Low Cycle Fatigue behaviour of an ultrafine-grained high alloy TRIP steelWednesday (28.09.2016) 15:15 - 15:30 Part of:
An ultrafine grained (UFG) high alloy TRIP steel (16.6Cr-7.1Mn-6.4Ni-0.05C-0.02N) obtained by rotary swaging and subsequent reversion annealing was investigated in total strain controlled fatigue tests including strain amplitudes in the range of 0.3% ≤ Δεt/2 ≤ 1.2%. The UFG material exhibited grain sizes with a mean diameter of 0.7 μm and the fatigue behaviour is compared to results of its coarse grained (CG) counterpart which exhibited a mean grain diameter of 14 μm.
As expected, the cyclic stress amplitude is clearly increased for the UFG material due to the Hall-Petch effect. Furthermore, a fatigue induced martensitic phase transformation is observed down to a total strain amplitude of 0.4 % and down to 0.3 % for the CG state, respectively. Anyway, the cyclic hardening effect caused by the phase transformation is more pronounced for the CG steel, even for comparable α’-martensite portions. This is due to the already high strength of the austenitic phase in case of the UFG-steel, whose overall cyclic stress amplitudes still remain higher at any time. Regarding the fatigue life the Basquin-Manson-Coffin relationship predicts an increase for the whole range of tested strain amplitudes for the UFG state compared to the CG material. This is unusual, since most UFG-materials exhibit a superior fatigue life only at small strain amplitudes.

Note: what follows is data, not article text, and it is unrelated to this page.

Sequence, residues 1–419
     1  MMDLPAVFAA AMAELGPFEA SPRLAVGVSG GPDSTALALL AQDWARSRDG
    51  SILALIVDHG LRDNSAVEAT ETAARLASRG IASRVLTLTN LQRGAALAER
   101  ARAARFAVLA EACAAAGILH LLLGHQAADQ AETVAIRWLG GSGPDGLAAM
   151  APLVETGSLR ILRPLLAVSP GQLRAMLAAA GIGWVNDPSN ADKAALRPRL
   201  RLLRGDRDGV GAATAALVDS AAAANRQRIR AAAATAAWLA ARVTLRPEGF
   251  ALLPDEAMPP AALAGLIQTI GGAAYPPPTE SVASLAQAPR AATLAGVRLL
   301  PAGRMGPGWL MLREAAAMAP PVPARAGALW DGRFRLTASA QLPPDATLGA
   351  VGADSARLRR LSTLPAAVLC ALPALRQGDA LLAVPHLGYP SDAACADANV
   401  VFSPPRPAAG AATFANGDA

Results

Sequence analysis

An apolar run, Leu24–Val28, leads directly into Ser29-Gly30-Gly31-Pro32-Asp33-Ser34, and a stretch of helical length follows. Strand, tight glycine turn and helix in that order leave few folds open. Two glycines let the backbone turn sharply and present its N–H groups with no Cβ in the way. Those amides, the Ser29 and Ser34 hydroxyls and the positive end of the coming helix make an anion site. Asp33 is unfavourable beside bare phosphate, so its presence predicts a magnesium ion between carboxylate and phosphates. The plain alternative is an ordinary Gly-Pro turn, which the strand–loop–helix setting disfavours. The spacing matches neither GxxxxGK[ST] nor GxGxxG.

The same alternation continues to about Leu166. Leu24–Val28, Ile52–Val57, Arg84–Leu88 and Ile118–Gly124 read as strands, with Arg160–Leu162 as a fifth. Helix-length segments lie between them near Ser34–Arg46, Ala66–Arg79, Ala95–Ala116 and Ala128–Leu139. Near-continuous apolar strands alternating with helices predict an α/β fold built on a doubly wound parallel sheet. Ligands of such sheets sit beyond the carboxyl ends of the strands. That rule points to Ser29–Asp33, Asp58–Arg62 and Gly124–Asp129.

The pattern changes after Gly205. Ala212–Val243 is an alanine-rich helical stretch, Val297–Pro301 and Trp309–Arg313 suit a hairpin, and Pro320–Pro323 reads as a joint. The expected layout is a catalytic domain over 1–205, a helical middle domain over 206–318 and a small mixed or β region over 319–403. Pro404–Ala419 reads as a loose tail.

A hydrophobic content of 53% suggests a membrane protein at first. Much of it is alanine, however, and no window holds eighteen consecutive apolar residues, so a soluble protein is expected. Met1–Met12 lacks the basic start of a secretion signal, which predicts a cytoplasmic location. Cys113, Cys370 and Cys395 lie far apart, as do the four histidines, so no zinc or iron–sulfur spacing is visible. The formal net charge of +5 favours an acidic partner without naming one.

The microstructure after reversion annealing as well as in the cyclically deformed state was investigated by BSE (backscattered electrons) and EBSD (electron backscatter diffraction). The initial state appears to be fully austenitic with small fractions of retained deformed austenite. At small and medium strain amplitudes a lot of deformation bands are formed which are indexed as a hexagonal lattice structure in the EBSD when a certain amount of stacking faults is reached. With increasing strain amplitudes this so called ε-martensite acts as a nucleus for the phase transformation into α’-martensite, which leads to α’-martensite fractions of about 90 % at the highest strain amplitude.